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Howler is a good-time rock-and-roll quartet from Minneapolis, nothing more, nothing less. Just good ol’ garage-rock cast in the mold of Social D, only nicer, but not as nice as, say, Maroon 5. Not so well known in America yet, Howler is a cult success in England where the Nottingham Post once noted that they have “awkward charm.” I’m not sure I’d agree with that summation, but they do have a miscreant’s sense of humor. Jordan Gatesmith, 22, the founder, told a reporter that this year’s Rough Trade record World of Joy was written and recorded in a bar. He met keyboard player Max Petrek during skydiving lessons where, somehow, they learned they both liked an old ’60s band called the Yardbirds. Reason enough to start a band, right?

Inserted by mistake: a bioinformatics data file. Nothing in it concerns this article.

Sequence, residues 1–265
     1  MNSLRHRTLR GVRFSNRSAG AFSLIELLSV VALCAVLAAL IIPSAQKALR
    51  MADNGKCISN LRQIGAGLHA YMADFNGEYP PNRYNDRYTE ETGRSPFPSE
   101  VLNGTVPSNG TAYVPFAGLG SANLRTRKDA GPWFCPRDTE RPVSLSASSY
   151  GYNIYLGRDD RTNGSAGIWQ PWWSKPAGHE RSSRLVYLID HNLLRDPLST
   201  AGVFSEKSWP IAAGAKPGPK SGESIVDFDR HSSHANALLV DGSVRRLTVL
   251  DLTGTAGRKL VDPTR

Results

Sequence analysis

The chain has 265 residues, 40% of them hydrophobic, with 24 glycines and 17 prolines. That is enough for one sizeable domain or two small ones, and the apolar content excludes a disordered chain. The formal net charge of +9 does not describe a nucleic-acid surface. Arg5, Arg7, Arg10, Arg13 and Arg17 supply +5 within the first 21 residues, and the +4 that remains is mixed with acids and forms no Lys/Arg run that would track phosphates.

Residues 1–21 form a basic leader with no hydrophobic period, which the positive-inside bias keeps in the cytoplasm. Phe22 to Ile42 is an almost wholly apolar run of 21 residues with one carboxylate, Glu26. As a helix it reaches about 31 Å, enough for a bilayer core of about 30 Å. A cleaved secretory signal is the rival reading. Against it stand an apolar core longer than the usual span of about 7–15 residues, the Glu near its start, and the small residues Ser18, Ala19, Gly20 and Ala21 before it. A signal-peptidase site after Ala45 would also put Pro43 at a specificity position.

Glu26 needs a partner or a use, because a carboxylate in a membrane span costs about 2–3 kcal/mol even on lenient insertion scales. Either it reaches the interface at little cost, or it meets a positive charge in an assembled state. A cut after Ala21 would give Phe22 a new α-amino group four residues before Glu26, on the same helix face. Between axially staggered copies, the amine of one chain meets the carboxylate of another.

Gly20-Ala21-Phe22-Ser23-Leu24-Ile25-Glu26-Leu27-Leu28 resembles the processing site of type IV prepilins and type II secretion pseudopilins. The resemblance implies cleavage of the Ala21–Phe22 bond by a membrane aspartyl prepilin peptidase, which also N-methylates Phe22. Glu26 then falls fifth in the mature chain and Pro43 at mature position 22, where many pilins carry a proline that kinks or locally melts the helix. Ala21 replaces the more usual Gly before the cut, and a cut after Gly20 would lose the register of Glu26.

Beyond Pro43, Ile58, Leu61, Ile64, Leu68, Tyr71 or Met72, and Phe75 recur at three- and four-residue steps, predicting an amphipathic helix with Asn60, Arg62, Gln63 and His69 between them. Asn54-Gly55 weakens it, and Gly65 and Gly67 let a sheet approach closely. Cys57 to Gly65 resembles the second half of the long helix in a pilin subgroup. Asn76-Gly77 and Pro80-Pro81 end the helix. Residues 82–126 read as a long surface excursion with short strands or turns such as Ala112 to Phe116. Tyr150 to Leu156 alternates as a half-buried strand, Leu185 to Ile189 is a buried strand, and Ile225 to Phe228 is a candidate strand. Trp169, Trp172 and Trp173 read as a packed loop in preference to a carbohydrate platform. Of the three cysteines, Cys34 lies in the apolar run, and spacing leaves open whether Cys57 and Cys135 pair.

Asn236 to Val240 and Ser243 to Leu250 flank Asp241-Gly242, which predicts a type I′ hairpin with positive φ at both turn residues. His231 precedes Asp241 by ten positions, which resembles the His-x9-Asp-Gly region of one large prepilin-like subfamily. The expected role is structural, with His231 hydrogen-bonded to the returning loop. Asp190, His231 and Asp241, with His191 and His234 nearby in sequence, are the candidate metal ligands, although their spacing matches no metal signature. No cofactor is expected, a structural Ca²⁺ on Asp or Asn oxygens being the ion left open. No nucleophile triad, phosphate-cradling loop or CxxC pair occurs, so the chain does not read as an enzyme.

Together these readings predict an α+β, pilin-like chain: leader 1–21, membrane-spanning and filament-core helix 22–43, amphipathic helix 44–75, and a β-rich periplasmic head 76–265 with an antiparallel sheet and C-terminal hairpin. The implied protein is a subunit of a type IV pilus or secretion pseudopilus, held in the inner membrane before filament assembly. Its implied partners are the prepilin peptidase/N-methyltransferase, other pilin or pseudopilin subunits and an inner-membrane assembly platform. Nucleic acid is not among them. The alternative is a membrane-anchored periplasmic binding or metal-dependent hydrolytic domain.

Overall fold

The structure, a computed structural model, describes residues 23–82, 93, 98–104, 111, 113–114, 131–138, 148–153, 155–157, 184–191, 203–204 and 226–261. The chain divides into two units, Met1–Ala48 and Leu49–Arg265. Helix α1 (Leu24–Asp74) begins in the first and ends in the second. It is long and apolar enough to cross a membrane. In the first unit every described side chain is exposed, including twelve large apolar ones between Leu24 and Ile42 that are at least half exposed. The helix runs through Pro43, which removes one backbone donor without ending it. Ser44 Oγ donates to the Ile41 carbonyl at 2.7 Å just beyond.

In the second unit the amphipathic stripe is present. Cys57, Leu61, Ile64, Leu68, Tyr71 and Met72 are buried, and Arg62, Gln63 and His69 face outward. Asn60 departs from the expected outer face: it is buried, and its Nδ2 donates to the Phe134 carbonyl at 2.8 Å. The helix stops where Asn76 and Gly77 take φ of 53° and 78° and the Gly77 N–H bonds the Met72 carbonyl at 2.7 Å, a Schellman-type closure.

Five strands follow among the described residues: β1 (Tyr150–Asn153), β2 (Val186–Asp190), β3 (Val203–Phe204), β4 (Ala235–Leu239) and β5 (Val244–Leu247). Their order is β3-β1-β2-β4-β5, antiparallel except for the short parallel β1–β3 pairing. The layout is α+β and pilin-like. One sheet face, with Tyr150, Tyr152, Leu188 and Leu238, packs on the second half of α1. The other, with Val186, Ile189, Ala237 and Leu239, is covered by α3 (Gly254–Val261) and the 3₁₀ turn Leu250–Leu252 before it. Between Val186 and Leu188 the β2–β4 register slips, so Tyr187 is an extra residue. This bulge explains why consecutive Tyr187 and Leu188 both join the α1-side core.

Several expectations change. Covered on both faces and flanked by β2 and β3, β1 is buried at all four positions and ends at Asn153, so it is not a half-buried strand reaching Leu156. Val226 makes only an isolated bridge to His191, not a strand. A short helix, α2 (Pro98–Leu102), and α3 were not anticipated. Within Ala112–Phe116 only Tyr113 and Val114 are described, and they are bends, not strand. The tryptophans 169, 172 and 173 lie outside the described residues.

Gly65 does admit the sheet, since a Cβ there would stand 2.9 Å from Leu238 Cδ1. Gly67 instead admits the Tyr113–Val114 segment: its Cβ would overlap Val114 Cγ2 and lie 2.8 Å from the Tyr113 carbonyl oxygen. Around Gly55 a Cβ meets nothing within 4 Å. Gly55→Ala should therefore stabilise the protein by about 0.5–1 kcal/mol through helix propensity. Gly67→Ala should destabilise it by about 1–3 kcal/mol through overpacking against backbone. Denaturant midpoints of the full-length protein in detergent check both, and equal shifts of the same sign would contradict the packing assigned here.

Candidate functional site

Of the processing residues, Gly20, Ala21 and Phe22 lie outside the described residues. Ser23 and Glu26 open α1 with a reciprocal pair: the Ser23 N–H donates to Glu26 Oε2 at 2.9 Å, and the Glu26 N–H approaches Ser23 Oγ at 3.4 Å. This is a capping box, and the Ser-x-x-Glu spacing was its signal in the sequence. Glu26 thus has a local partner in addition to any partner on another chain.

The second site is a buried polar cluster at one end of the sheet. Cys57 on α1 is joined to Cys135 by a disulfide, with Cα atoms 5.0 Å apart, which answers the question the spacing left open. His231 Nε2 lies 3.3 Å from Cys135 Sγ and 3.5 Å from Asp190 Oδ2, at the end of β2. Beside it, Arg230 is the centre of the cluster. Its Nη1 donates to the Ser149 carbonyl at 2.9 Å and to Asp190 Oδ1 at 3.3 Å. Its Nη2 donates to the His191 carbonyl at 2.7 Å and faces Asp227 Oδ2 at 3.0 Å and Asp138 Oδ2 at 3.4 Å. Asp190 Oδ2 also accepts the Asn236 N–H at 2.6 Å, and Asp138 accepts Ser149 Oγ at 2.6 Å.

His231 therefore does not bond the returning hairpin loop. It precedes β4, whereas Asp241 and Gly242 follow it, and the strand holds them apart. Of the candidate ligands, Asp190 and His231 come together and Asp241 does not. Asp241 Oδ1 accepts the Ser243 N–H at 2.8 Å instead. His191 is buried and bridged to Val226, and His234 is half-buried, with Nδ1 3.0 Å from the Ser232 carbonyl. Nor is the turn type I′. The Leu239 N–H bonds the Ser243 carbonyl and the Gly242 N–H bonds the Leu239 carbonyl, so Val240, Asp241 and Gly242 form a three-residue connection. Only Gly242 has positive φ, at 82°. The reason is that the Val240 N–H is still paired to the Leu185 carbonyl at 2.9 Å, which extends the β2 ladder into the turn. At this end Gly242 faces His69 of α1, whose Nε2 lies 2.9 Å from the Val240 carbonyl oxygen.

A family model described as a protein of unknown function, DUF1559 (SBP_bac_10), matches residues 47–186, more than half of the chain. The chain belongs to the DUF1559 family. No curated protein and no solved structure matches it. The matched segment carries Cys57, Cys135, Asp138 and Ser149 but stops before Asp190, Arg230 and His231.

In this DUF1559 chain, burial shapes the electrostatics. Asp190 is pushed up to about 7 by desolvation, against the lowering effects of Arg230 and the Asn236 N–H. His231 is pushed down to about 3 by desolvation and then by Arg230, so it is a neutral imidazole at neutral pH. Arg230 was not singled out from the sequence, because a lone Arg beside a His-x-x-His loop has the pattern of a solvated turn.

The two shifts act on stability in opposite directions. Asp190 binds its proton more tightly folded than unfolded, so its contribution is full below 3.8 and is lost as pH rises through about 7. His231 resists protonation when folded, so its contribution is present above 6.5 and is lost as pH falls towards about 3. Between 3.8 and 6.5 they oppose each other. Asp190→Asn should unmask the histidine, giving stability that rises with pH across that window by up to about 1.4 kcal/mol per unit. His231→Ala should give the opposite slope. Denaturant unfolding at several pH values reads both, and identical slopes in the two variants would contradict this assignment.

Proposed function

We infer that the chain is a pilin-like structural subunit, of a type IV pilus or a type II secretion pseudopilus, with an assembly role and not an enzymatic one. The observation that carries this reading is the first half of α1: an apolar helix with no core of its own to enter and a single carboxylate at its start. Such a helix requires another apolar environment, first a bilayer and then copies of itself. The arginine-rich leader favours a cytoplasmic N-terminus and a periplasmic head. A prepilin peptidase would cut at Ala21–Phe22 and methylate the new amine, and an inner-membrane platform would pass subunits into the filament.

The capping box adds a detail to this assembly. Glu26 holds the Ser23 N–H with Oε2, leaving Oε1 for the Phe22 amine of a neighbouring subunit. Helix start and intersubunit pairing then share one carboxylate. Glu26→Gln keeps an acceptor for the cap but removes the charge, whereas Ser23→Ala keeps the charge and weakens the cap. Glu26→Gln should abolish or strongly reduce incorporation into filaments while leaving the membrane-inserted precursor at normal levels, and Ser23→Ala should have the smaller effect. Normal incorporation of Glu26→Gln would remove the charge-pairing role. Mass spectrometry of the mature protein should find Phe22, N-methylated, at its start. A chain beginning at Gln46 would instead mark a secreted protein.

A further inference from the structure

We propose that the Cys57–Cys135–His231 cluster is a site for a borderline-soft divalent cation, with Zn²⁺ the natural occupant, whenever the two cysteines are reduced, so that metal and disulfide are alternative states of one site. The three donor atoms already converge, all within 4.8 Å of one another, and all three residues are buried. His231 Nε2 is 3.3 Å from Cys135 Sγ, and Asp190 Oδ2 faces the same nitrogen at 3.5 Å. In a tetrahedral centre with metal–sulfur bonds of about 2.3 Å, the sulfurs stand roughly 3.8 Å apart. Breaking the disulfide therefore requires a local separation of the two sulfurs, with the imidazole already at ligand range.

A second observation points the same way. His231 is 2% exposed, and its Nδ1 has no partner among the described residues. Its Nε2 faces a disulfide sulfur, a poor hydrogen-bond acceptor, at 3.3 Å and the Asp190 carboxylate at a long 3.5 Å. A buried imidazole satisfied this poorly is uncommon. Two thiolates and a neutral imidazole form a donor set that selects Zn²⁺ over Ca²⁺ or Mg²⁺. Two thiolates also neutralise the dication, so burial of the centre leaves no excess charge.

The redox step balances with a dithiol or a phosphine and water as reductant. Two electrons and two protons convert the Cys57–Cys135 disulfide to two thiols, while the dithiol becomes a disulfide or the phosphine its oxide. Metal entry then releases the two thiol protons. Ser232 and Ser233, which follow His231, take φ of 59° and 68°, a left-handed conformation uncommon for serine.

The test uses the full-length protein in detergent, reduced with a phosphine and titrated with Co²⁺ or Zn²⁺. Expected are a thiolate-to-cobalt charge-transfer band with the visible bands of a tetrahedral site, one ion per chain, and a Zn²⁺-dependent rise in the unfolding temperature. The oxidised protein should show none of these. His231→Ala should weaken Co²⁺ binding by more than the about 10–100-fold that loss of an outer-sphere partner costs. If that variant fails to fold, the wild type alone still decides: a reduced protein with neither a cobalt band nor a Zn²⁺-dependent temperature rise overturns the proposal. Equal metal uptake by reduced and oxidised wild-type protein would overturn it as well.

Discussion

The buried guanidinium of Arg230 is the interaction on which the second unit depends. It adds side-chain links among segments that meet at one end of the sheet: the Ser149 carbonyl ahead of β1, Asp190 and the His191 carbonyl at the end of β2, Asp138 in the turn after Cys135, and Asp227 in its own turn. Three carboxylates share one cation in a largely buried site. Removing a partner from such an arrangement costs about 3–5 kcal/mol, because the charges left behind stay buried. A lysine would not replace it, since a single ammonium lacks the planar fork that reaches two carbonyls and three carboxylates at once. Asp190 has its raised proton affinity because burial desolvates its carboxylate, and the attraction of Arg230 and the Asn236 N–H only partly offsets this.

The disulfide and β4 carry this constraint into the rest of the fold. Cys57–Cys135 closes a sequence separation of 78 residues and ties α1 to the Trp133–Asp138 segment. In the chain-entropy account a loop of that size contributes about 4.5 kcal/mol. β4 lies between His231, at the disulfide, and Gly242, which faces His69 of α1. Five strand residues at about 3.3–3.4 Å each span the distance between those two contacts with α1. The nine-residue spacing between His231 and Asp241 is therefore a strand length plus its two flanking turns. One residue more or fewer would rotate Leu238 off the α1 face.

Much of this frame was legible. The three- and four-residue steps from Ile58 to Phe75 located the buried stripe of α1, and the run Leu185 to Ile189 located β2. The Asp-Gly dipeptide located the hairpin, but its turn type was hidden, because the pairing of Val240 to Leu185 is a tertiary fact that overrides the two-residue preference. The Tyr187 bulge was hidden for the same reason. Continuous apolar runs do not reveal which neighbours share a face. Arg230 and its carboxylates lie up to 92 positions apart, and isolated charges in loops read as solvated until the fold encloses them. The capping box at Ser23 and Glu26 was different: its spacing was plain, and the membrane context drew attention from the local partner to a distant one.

Thus far, each of Howler’s albums has sounded as if made by a different band. Road time and personnel changes will do that. If that’s a problem for some listeners, keep in mind that even in their most disorganized moments this band is not only good, but on its way to getting better.

Past Event

Howler, Vision, the Paper Thins

  • Wednesday, April 30, 2014, 8 p.m.
  • Soda Bar, 3615 El Cajon Boulevard, San Diego
  • 21+

The Howler experience is loud and raunchy and the band clearly loves old West Coast rock sounds: the way Dennis Wilson of the Beach Boys played drums, for example, or the tremolo guitar noise of the ’60s. In this case, the mix comes out sounding as if it got warped a bit in a time machine. Howler isn’t any kind of a retro group. And, they only borrow ideas from rock’s past as a sort of flavoring. To be brutally honest, some of it comes off sounding as if on a collision course with punk. Howler probably needs more time in the hopper to sort out some of the problems in their songwriting, but then again, that’s rock and roll. The spirit of ragged imperfection is alive and well in this band.

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